Everyone agrees that the popularity of LEDs is on the rise, and a variety of businesses are touting the features and benefits that this new lighting technology brings to a wide array of applications. So far, lighting designers, architects, and systems contractors have learned that LEDs are an energy-efficient, low-heat, and extremely durable lighting solution. They are changing color options, creative effects, and lighting designs in venues around the world.

However, many overlook the fact that LEDs are also changing the way we measure performance. When making a lighting purchase decision, the average consumer believes that the higher the wattage, the more light is produced, but LEDs are changing this standard. How can a 2W LED bulb emit as much light as a 15W ordinary bulb but use much less power? Because of LEDs, we can no longer measure useable brightness in the traditional terms of wattage. Where do we go from here?

The lighting industry will need to clarify wattage and performance as they apply to LED usage. Until these new standards are in place, there are several other factors to consider when making informed LED purchase decisions. A new approach to measurement will affect these future decisions and the many ways LEDs can bring a significant return on investment.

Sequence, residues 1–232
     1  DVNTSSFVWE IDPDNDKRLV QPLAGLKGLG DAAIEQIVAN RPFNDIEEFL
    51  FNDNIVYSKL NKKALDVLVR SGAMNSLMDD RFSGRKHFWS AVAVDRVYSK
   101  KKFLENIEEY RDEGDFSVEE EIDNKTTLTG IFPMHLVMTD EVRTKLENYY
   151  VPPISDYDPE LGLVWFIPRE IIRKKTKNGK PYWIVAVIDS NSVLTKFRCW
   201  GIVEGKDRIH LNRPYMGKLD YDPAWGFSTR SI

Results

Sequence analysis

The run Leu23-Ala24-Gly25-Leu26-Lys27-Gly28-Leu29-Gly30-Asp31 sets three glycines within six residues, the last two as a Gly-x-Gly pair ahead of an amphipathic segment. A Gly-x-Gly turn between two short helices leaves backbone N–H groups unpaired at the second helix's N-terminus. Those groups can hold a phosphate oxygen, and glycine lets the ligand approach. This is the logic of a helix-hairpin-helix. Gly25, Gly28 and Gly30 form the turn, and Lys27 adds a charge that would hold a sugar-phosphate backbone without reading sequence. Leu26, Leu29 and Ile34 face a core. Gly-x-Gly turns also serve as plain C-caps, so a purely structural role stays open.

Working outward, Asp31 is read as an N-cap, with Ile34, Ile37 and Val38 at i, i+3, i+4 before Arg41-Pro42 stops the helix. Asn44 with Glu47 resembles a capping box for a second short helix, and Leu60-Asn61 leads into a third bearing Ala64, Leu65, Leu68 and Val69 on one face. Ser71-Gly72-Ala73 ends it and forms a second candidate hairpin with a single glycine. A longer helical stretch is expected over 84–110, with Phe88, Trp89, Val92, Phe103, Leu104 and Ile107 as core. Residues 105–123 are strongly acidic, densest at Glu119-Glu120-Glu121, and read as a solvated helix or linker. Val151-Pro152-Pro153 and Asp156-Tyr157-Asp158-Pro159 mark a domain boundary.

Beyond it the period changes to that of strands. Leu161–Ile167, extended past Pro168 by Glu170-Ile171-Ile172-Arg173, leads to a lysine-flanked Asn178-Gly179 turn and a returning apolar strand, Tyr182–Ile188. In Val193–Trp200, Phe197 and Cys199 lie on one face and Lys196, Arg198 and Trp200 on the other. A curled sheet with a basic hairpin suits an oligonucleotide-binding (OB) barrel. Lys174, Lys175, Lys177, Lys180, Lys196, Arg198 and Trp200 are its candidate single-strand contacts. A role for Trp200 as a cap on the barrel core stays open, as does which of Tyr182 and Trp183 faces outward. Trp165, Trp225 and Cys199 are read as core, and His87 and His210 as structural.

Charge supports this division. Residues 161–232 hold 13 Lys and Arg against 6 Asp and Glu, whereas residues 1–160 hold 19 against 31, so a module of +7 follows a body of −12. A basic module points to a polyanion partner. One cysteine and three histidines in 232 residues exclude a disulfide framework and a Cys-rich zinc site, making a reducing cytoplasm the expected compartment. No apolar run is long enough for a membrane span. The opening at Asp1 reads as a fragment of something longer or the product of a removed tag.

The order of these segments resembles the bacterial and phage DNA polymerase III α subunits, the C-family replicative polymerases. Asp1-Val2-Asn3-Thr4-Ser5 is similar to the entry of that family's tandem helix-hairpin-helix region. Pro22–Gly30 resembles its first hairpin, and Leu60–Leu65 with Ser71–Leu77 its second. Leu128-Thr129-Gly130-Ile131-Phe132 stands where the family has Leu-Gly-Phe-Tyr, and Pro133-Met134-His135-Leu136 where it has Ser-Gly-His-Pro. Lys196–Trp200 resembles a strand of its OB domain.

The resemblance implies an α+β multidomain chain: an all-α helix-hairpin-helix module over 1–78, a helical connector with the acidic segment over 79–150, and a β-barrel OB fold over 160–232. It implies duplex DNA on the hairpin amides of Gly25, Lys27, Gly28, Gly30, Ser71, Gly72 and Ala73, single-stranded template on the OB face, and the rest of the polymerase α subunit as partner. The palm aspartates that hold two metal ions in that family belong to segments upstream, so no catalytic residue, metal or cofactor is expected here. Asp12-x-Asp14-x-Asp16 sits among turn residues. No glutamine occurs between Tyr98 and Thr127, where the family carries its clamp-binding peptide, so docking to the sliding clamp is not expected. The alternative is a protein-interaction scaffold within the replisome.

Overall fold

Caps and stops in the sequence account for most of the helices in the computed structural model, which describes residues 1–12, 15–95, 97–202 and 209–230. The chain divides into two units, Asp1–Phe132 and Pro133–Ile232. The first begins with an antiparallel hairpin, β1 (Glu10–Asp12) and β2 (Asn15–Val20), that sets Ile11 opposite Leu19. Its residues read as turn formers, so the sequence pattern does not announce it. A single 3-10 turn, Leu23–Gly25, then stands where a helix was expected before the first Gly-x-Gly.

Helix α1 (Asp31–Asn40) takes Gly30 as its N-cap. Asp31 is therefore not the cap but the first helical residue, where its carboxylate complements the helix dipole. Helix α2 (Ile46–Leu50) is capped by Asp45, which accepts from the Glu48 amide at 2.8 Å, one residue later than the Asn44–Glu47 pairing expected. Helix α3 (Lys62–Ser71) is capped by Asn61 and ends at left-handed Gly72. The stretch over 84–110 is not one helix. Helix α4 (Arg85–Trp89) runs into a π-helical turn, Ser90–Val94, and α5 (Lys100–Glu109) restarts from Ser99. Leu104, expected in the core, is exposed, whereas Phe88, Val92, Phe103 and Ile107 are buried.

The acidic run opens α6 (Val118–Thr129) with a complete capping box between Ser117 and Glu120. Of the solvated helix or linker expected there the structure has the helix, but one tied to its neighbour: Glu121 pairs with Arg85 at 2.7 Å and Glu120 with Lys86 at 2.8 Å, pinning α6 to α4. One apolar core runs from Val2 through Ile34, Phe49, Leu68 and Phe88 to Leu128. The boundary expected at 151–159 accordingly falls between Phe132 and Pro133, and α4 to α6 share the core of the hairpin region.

A closer look at the components involved will explain LED evolution and the source of this resulting standards shift. The development of the primary component — the LED emitter, or chip — has occupied the majority of commercial efforts to bring new LED light sources to market and fulfill the requirements of specified applications. These come in countless shapes, sizes, and configurations, with a variety of packaging adapted for manufacturing and assembly. The roadmap for improvement of the LED chip (Figure 1) has been viewed as the defining factor in the evolution of LED-based products. The general theme has been, bigger, brighter, and thus better. Nonetheless, with these performance and dimensional improvements comes a host of complications that must be addressed to maintain the efficiencies and life values that make LEDs the choice for lighting specifiers. The solutions to these complications are available, and educated decisions require understanding the key components necessary for incorporating LEDs into useful lighting products.